The classic retail theft scenario involves hiding items, and then walking right out the front door of a store without paying for them. Yet not all retail thefts follow this pattern. Under Pennsylvania law, one form or retail theft involves consuming or tampering with items in a store without paying for them. In German, there is even a term for such behavior, which is not surprising, as the German language seems to have a term for every concept. It is called Mundraub, which translates to something like "mouth robbery." Although, retail theft is legally quite distinct from a robbery, I still love the imagery evoked by the term.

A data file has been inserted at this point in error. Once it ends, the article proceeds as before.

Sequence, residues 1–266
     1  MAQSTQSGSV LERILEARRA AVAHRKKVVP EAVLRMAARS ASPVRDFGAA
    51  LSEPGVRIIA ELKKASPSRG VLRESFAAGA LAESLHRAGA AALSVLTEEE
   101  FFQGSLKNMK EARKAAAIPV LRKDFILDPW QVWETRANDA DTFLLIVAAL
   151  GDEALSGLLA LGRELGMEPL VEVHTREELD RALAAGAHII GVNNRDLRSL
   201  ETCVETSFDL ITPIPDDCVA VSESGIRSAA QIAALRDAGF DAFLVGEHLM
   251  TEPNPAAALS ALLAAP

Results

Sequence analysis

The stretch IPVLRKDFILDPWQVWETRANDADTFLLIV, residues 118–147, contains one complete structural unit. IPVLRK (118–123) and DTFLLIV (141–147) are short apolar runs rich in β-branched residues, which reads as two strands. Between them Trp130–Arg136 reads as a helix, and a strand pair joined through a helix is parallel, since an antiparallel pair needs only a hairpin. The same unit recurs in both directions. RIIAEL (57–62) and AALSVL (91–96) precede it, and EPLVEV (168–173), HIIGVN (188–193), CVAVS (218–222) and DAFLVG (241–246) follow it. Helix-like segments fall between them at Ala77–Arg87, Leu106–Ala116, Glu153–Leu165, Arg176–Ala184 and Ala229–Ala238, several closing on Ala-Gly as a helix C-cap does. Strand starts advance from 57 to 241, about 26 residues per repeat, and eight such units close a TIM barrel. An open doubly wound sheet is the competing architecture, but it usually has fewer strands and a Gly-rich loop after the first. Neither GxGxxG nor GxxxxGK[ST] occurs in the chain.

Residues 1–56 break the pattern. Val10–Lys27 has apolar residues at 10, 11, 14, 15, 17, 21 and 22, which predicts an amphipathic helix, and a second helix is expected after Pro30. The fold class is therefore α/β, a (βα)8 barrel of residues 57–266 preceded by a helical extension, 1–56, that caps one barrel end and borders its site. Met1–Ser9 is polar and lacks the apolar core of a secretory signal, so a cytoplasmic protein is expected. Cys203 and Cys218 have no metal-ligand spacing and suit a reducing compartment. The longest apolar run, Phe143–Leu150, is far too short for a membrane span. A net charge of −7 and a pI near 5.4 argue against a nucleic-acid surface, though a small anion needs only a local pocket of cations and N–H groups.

I have lost track of how many calls I have received from a frantic recent college graduate, who has just been fired from her new job, after the company obtained her criminal background check. The caller goes on to explain that she pled guilty to a retail theft while a student at Penn State. Usually, the item in question was valued at under $10. The caller goes on to say that a lady at the magisterial district court told her it was no big deal, it was "just like a traffic ticket," and if she pled guilty, there would just be a fine and court costs. (I use feminine prepositions here because retail theft is one of the only crimes, which females commit as often as, if not more often, than males).